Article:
Philip Booth blogs at the IEA:
The UNDP held a forum this week entitled: ‘Beyond GDP: Measuring the Future We Want’. What they actually mean, of course, is ‘measuring the future the UN wants’. The best way to ensure that we get the future we (the people) want is to have a free market, governed under the rule of law, with good protection for property rights (including, where appropriate, property rights for environmental goods). The seven billion people in the world all want a rather different future from each other. We can only achieve those different aspirations if we are free.
That is not to say that an argument cannot be made for the subsidisation of, for example, education and health care for the poor and for other forms of assistance through government. However, the success of the human race as a whole cannot and should not be measured by some kind of unified aggregate index.
Specifically, Helen Clark has proposed that the UN develop an index that combines: ‘Equity, dignity, happiness, sustainability’ arguing that ‘these are all fundamental to our lives but absent in the GDP.’ Just because something is fundamental to our lives does not mean that we need to measure it and combine it with other variables into a single index measure. Relationships are fundamental to our lives, but do we need to measure the success of the relationships of seven billion people and combine that measure with other data into some kind of aggregate index? Indeed, it is interesting that the best conditions for GDP growth in the history of the UK were created before we even started measuring GDP.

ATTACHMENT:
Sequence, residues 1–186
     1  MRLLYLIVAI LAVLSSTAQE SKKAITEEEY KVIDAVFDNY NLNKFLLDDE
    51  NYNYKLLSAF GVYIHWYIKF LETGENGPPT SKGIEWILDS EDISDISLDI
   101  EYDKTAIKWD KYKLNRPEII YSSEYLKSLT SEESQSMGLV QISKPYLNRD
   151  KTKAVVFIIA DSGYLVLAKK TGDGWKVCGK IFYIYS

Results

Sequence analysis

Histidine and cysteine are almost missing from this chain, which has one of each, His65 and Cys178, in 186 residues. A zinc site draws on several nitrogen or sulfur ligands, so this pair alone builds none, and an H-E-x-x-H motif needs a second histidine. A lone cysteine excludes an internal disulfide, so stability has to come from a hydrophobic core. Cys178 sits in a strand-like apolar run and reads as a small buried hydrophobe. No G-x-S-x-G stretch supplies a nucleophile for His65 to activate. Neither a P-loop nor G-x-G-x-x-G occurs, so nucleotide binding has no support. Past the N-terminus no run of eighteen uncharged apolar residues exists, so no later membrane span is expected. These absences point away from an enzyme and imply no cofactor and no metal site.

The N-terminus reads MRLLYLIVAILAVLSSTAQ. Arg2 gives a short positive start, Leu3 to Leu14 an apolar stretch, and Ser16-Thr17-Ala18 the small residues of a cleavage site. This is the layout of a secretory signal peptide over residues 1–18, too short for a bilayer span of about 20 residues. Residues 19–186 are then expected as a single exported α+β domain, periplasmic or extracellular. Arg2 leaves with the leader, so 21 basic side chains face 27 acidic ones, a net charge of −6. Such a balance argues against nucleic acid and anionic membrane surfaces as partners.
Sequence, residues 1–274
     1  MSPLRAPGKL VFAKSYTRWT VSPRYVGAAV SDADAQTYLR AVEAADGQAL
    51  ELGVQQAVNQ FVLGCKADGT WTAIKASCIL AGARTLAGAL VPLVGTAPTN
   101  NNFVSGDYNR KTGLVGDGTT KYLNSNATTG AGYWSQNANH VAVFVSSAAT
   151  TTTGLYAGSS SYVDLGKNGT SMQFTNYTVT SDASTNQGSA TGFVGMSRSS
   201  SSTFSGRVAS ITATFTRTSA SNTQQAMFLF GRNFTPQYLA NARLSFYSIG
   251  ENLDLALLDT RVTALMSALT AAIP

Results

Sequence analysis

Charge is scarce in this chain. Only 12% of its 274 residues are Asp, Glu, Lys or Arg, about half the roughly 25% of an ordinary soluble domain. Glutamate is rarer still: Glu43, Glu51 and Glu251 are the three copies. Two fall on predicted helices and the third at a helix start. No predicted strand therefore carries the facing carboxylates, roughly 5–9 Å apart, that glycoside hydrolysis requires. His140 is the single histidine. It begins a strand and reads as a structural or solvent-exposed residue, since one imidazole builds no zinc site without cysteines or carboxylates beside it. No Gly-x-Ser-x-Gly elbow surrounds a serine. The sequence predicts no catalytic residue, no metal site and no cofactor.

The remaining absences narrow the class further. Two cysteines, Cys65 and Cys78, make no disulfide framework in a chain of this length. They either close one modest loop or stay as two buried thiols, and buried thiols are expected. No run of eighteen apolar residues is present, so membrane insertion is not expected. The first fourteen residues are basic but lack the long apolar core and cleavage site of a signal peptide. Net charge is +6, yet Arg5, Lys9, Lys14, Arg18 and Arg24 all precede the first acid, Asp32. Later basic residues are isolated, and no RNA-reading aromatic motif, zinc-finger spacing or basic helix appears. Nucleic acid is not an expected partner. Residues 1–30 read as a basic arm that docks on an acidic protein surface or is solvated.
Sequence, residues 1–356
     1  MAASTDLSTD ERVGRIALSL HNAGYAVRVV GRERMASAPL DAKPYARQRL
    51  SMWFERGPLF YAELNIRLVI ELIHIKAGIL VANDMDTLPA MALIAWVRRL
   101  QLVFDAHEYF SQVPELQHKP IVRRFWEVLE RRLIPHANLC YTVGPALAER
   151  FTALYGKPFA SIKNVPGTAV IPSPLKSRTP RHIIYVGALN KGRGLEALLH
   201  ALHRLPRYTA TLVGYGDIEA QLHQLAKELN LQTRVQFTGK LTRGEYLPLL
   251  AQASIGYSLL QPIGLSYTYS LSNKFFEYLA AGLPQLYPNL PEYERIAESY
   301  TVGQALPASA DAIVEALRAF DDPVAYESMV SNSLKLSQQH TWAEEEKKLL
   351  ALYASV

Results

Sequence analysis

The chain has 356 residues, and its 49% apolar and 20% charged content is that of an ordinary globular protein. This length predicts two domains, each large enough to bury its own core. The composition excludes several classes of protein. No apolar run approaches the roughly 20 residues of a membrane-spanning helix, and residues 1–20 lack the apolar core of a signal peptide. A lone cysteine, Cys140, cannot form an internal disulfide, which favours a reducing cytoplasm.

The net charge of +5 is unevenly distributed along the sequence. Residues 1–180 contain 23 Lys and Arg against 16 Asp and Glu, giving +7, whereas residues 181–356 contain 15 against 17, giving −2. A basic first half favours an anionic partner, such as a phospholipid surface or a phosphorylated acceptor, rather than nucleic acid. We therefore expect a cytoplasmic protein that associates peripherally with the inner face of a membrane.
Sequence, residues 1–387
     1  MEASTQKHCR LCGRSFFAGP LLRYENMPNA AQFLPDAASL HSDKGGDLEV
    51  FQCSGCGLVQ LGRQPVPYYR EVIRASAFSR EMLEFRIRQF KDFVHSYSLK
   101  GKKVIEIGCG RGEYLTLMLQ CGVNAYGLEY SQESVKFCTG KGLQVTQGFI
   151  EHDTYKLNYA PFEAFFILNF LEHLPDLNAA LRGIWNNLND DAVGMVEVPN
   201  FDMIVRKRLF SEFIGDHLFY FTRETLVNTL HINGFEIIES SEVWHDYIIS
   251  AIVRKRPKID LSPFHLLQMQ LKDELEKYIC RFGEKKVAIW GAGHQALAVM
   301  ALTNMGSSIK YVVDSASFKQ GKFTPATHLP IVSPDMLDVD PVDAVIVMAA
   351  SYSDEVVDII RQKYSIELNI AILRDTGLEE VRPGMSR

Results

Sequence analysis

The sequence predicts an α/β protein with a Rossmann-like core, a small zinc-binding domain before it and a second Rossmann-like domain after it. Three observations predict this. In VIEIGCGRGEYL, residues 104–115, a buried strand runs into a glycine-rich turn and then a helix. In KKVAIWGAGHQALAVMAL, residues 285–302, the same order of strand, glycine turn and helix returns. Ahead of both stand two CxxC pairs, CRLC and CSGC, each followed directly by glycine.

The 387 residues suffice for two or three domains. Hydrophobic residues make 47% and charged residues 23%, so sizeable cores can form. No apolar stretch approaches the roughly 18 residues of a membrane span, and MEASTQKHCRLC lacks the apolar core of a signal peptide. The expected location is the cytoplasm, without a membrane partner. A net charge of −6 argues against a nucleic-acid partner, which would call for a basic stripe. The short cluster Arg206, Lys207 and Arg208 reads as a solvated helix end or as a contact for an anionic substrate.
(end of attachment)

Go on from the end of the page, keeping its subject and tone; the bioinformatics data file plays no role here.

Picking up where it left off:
It is just about possible, nevertheless, to make a coherent case for measuring GDP. GDP does, at least, make a reasonably rigorous allowance for trade-offs that different people make in their everyday lives. If I give up £1 worth of apples to buy £1 worth of oranges and Mark Littlewood does the opposite, it can (within certain bounds of reasonableness) be said that we both have £1 of utility from the transaction. Austrian arguments can certainly be made regarding the undesirability of aggregating data and the fact that all transactions involve consumer surplus, but there is some reasonableness and consistency there.
We can also look at other statistics such as working hours, travel time, leisure time, carbon footprint (if it is thought necessary), and so on, to obtain a more comprehensive picture if we wish. However, once we try to produce an aggregate index of everything that is important, the index will lose all meaning. How can we trade off a small increase in reported happiness for somebody in Zambia for an extra £500 a year of national income per head in New Zealand? How can we trade off a tiny change in the Gini coefficient in Rwanda with a small change in the stability of marriages in India, and so on? These things have completely different values to different people.
Even trying to track one of these datasets is problematic. As the IEA’s monographs on happiness economics showed, well-being measures are suspect. There is no clear indication of a relationship between reported well-being and almost any other reasonable indicator of social progress.
Overall, we have the biggest folly imaginable: the body that some would desire to be a world government attempting to measure in a single index number everything that matters to everybody.
GDP does record economic activity only, and that is not everything – absolutely. But trying to come up with one master index will never work, because as the IEA states, we all value different things.